"You may be sure of that. One experience ended such methods for me." There was nothing conciliatory in her tone.

"I will be honest with you, Nora. I am disappointed in you, but I'm glad you told me. You may be quite sure this will make no difference in our friendship."

Much to Elizabeth's surprise, Nora, instead of replying, began to sob, and it was some minutes before she could speak.

"I appreciate this, Elizabeth. I know I did wrong, and I have spent six months in being sorry. Yet I do not believe I should be censured so much as some of you if you had done the same thing. That is rather an odd thing to say, I know. But when I tell you all, you will understand just what I mean. My mother died when I was a few weeks old. She belonged to an excellent family, an only child. Somehow," the girl hesitated. It was difficult to explain without seeming critical of one parent. "Somehow, my father never cared much for what mother cared for most. He could not see anything wrong in cards, and wine-parties, and things like that. When mother died grandmother Loraine took me. But she did not live long. Then I went back home and lived with a housekeeper and the servants. Sometimes they were honest and sometimes not. Mrs. Gager took charge of me. She was a very clean old German woman and not afraid of work, but was not refined. She couldn't even read. I am not complaining, for she was as good to me as she knew how to be. Nothing that I wanted was too much trouble. She was really my slave, and made every one around the house step when I spoke.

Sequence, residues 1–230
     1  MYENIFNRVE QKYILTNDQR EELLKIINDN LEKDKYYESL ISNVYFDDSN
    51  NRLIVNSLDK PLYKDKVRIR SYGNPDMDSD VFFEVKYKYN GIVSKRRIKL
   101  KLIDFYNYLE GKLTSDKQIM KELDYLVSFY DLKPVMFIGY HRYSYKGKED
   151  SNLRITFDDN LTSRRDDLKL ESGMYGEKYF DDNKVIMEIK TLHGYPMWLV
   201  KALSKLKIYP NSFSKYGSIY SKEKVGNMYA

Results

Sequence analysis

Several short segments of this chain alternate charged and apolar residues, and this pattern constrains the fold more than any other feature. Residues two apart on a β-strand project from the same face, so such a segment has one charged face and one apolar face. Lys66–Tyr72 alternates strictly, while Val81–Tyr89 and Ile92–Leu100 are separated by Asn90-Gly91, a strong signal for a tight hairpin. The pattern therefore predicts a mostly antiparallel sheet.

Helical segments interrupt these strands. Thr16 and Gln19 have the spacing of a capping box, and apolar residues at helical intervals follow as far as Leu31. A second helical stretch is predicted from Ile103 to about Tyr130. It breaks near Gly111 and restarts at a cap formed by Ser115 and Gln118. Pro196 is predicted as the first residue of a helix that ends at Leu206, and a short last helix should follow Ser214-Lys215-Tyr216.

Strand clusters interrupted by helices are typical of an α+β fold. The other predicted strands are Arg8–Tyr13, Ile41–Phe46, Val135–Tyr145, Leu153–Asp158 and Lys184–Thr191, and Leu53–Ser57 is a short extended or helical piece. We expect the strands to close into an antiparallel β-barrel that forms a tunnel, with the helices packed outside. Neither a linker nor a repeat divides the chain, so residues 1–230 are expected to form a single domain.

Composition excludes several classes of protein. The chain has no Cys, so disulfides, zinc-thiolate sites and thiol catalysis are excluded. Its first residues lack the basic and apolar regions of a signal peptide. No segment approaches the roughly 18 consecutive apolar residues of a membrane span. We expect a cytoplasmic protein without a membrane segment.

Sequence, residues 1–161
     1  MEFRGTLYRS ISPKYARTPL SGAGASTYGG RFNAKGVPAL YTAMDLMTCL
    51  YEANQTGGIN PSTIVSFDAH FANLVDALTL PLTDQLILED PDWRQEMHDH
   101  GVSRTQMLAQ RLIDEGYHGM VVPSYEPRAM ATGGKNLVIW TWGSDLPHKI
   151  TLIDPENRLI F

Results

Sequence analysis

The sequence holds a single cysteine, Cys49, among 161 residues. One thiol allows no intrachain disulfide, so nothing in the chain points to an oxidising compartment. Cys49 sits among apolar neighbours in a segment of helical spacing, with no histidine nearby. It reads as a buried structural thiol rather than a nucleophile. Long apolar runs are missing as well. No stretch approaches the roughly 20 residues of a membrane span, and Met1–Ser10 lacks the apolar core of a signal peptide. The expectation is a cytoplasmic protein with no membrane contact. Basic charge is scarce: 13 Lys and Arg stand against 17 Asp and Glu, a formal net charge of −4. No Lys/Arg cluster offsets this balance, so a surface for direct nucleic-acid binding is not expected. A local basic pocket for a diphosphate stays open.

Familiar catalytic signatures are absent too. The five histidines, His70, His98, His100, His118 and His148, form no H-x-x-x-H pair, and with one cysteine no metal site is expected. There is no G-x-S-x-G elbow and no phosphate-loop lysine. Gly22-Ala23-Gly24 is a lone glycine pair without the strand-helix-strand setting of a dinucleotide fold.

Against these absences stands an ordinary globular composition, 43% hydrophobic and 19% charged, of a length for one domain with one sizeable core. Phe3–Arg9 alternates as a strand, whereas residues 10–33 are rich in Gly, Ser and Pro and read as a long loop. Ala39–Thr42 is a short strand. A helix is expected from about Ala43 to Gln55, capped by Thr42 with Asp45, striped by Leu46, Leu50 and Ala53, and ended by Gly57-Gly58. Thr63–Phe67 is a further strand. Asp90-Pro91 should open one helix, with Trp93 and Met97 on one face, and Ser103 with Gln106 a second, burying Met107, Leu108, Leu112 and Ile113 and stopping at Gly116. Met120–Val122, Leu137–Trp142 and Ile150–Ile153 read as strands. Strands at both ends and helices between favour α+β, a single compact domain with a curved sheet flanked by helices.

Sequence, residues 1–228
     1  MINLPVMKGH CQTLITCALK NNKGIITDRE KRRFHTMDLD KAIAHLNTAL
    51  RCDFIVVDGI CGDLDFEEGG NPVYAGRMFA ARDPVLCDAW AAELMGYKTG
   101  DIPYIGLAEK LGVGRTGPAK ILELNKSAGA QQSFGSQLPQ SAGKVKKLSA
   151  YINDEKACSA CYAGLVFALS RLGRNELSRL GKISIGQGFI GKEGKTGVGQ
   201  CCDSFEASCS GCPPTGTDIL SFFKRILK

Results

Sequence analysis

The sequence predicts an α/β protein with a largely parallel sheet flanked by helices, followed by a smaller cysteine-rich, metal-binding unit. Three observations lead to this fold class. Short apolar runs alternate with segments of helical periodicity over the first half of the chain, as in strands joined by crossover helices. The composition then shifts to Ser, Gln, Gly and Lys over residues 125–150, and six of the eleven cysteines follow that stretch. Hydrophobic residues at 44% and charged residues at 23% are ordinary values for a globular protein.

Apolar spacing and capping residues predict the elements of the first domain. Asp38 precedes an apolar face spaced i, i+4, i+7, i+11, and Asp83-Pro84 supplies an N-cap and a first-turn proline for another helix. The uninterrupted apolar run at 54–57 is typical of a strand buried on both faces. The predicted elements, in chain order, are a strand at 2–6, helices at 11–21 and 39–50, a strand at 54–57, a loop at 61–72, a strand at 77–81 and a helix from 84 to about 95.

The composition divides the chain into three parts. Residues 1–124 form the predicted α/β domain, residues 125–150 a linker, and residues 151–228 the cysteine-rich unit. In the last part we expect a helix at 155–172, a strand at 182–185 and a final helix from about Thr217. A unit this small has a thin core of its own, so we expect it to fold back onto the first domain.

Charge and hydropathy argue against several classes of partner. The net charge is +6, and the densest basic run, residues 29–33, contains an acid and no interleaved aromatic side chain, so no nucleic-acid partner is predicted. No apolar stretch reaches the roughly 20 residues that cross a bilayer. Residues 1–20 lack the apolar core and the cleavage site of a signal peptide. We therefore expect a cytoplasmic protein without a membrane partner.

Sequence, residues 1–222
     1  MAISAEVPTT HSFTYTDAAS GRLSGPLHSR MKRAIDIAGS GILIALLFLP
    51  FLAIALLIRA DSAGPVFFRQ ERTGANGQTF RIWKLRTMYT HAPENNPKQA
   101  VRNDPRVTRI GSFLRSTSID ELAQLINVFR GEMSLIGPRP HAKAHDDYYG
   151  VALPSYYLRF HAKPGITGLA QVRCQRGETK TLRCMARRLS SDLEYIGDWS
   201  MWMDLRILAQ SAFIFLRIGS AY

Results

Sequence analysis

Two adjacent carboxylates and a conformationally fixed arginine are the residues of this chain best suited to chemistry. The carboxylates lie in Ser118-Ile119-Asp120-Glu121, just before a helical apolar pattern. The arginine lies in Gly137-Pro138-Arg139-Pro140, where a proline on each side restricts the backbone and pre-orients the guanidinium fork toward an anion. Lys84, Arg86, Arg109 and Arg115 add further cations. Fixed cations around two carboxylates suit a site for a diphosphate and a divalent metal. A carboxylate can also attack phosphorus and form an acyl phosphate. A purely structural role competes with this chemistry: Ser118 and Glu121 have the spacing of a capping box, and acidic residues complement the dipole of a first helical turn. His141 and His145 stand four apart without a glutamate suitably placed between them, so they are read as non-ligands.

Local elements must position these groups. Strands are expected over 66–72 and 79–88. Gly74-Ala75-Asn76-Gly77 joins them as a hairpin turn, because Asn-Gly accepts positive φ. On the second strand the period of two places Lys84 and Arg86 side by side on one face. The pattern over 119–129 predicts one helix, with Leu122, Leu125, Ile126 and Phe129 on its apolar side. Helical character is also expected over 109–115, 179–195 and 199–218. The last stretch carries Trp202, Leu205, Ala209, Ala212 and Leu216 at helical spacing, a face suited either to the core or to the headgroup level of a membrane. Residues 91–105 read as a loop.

"I was a little tyrant. Father spent a great deal of time from home, for he was a very busy man. But he spoiled me, too. I had but to stamp my foot and he would let me do what I wished. He really could not deny me anything, and he doesn't yet. You see, I am the only person in the world he has left, and he thinks I am simply wonderful." She laughed lightly. "I am always amused when I hear him talk to anyone of me. It is nice, though, to have someone think of you in that way. He is wholly sincere. He really believes I'm the brightest and most attractive girl at Exeter.

"Mrs. Gager used to drink occasionally. At such times-I must have been eight years old-she told me what excuses to make to father for her and how to keep Maggie, the second maid, from knowing it. Strange as it may seem, this old woman was my ideal. I never hesitated to carry her false messages, and there was a constant succession of small deceptions. When I was able to fool Maggie, I was commended.

"When I grew older, I met a great number of business men-some of whom were my father's traveling salesmen. And they always made a point of telling how sharp they had been in their transactions. I know now that they were merely dishonest. I do not know whether father approved or not. They told these stories to entertain me and not when they were talking business with him.